Section 7: Jugger Howe to Ravenscar
This was the final stretch which was mercifully short but still incredibly hard work for some of us. We were promised that we’d be able to see the radio mast as a marker of how long we’d have left to go but the mist had started to come in at this point and by the time we’d finished the main ascent, visibility was literally down to about 50 metres. We made it to the finishing stone at 21:05, 16 hours and 20 minutes after we set off, with our total walking time being just under 14 hours. Mark managed to bundle us into the back of the van for the final drive to Whitby, where the only thing left to do was to dine on takeaway pizza and beers, and to start planning next year’s attempt…


West to East Crossing 10th July 2021. Philip Cosson and Michael Sivewright.

July 12th, 2021

On Saturday 10th July 2021 we arrived in Osmotherley, as the first cars in the car park, at 3:30 am.

 

Mist obscured everything more than 10 feet round about, and daylight was therefore delayed. Aided by a hastily scavenged bicycle light, we found the stone and started our crossing at 03:45

Following the purple line on out technology, we stayed on track until the dark and gloom succumbed to visibility.

The first landmark was duly included in a “usie” for posterity. This became an oft repeated practice.

The mist rolled away revealing stunning views, but the weather remained kind by sheltering us from the burning sun.

This self-supporting arch was a nice distraction

Soon after we left the Cleveland way we were passed by a female runner and her pacemakers. This is the ‘easy’ section and she was running at an incredible pace, before we knew it, she was seen climbing out of sight up to Blakey ridge. When we (ages later) reached the pub car-park a passer-by told us that the runner was aiming for the 5hr 30 min record – we hope she made it!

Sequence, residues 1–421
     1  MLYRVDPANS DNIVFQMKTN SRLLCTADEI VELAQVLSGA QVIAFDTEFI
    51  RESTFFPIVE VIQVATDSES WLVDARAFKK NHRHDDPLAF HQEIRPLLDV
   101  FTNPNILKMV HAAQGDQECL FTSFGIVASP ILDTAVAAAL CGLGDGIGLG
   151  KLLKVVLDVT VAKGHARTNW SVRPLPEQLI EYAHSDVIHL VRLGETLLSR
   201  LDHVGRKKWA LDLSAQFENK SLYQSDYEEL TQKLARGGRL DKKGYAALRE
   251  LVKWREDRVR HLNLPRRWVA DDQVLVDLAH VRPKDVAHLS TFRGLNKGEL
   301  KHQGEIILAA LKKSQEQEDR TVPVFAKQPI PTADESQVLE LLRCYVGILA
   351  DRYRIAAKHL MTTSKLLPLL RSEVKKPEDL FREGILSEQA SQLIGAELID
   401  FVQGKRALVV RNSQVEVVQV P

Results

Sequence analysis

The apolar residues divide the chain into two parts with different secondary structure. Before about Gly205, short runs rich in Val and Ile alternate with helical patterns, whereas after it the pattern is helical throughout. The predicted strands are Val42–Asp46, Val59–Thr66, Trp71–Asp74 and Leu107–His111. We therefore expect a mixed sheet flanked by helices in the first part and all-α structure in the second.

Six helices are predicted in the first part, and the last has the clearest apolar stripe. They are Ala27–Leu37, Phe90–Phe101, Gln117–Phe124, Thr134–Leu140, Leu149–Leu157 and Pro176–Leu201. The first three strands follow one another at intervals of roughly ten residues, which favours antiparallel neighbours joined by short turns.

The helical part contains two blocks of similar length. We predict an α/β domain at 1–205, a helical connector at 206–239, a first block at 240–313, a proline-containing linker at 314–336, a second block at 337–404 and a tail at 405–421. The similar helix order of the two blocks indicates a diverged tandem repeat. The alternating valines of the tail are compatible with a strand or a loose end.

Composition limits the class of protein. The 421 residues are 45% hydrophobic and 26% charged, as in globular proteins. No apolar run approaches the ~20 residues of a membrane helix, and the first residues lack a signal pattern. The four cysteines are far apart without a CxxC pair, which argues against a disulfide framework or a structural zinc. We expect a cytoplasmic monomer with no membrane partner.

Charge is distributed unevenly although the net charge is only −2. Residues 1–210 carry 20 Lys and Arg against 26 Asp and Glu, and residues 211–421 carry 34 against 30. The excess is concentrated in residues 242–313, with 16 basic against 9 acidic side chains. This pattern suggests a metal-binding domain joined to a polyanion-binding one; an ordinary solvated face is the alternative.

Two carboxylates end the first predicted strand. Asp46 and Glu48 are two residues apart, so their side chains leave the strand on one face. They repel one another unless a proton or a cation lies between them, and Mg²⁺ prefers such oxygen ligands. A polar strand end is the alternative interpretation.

The gravel ‘crunch’ is an annoying noise after a while…

…but the reward of our first meal break raised our spirits

Our much-needed support provided bacon buns, hot coffee, plasters, and so much more! We were to meet on all road crossings from here. THANK YOU TRICIA!

The second-half beckoned, with its bogs and rocks!

As we headed along the road across Rosedale head the serene splendour of Ralphs cross was drowned out by a brace of V8 TVR’s

 

…….Perhaps they were providing the ‘Bam-ba-lam’ for our ‘Fat’ Betty

Handy signage heled us find our way into the bog!

Knee deep was the worst outcome of judicious footing

Happy to see the blue man

Fylingdales seem an awful long way away at this point!

Having walked down this steep traverse to the idyllic steppingstones….


…we were surprised to see it signposted as a roman road. It is surely like no other!

As we continued, we edged ever closer to Fylingdales

Tempted to put our ears to the rails here

By the time we met Lila Howe Cross, the mist was returning

The effort of the 70 meter Jugger Howe stair ascent was balanced by the irresistible attraction of the finish. The question was whether we would beat the darkness.

Still smiling at 22:00 – our slow crossing taking 18 hrs 15 mins

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Cheers !